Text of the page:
So it is because these militant groups often begin with one or a few individuals, deeply empowered by malignant theocratic interpretations of religion, that we must talk about more than their bloodletting and violence. We must talk about the very root of the issue: the spark that is Islamism – a theo-political ideology devoted to the subjugation of any and all people who challenge the goal of an Islamic state.

We must uncover information about those so-called moderates who don’t seek to promote a peaceful, pluralistic interpretation of Islam, but who, like “celebrity imam” Siraj Wahhaj, claim to be peaceful while actually wishing for the Koran to replace the US constitution.

We must publicly discuss the fact that too many Muslims in the public eye are preaching hate, misogyny, intolerance, racism and bigotry both at the pulpit and in the streets, all while refusing to condemn the doctrine of armed jihad, frivolous lawfare against freedom of expression, and ideologies like anti-Semitism.

Young people from Connecticut to Chechnya are radicalized in their local communities and online, talking not just to ISIS sympathizers, but to jihadist groups and sympathizers in London, New York, and elsewhere. Youth whose parents and spiritual leaders fail to instill in them a sense of their own identity (be it American, French, or otherwise), and/or who don’t teach them the difference between personal piety and theocracy, or who shame them into archaic, malignant understandings of gender relations, which often leads to violence on a larger scale.

How radicalization works is at once complicated and simple.

On the complicated side of things, there are vast funding networks along with massive political machinery pumping hatred, victim-mindset thinking, revivalist thought and supremacist philosophy into the minds of Muslims and would-be Muslims. These systems will take a Herculean effort to dismantle.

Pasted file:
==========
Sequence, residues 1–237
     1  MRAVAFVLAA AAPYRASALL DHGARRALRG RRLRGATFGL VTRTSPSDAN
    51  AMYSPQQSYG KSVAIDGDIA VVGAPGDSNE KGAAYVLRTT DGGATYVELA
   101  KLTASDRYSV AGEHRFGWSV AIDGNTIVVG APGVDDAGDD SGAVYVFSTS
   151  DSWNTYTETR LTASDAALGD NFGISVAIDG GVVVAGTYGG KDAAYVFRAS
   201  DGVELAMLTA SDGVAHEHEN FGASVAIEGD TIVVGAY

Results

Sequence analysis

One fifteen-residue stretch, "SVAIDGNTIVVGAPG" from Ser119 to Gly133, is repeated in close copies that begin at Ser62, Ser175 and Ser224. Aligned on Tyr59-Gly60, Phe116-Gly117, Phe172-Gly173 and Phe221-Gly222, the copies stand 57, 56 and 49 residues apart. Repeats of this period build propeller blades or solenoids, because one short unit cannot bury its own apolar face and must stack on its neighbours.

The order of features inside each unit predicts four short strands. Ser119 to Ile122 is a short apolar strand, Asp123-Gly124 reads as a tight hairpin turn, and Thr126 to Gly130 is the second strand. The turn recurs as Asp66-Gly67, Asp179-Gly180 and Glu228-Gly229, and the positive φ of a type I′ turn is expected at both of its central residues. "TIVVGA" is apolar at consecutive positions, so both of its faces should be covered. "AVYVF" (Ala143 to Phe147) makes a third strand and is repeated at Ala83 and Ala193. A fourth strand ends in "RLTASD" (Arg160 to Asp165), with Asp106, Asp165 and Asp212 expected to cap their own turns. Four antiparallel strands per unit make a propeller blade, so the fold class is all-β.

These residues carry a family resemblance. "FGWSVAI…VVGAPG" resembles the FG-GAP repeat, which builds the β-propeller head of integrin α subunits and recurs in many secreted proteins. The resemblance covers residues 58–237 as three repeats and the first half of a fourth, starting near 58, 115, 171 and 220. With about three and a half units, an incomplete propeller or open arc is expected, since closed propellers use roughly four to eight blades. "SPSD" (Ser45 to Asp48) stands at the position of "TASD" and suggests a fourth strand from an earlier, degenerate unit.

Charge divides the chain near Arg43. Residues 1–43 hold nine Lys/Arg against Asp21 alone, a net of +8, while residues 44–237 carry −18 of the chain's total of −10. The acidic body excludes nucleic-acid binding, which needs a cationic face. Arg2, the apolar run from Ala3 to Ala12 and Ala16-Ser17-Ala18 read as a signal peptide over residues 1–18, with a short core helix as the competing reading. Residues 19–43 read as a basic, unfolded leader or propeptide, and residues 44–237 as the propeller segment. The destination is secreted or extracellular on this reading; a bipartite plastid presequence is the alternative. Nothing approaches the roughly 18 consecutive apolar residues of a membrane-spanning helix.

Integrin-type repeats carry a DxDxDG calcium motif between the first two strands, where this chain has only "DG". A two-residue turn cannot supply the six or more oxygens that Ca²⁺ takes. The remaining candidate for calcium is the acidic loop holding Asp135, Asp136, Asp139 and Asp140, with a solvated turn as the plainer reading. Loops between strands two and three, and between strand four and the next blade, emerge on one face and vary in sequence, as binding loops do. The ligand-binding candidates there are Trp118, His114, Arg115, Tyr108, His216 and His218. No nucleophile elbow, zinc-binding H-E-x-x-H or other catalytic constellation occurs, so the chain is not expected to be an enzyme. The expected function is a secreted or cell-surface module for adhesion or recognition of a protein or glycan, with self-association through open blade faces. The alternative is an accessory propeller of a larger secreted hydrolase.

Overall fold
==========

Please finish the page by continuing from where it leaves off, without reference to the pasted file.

On the simpler side, everyday Muslims and our neighbors are subjected to radicalizing materials, more subtle forms of Islamist thought and the “us versus them” mentality of the contemporary Muslim community. Many well-intentioned people, seeking to help Muslims during tense times, simply sign up to help the wrong groups, thinking the only filter should be condemnation of violence.

These things will not be easy to undo, but they are things regular people can challenge – they are things they must challenge. For example, if Muslims express concerns about a young, dynamic preacher who seems to be spouting radical rhetoric and gaining a following – they must be listened to.

Someone like Anwar al-Awlaki was not born as he died: He became that monster, and was allowed to – even empowered to, enjoying invitations to lead prayers on Capitol Hill in Washington, DC, and offer lectures to audiences large and small. He became a lead global radicalizer after being radicalized himself by innumerable precursor ideologues.

 

In our local communities, gender disparities in mosques, unchecked censorship of freedom of expression, and the unsupervised use of social media by children and very young adults create a breeding ground for malignant interpretations of Islam to take hold. We must all confront and expose with the antiseptic of sunlight any and all ideas that conflict with modernity and the modern liberal democratic state.

atimes.com

Tags: Al Qaeda  ISIS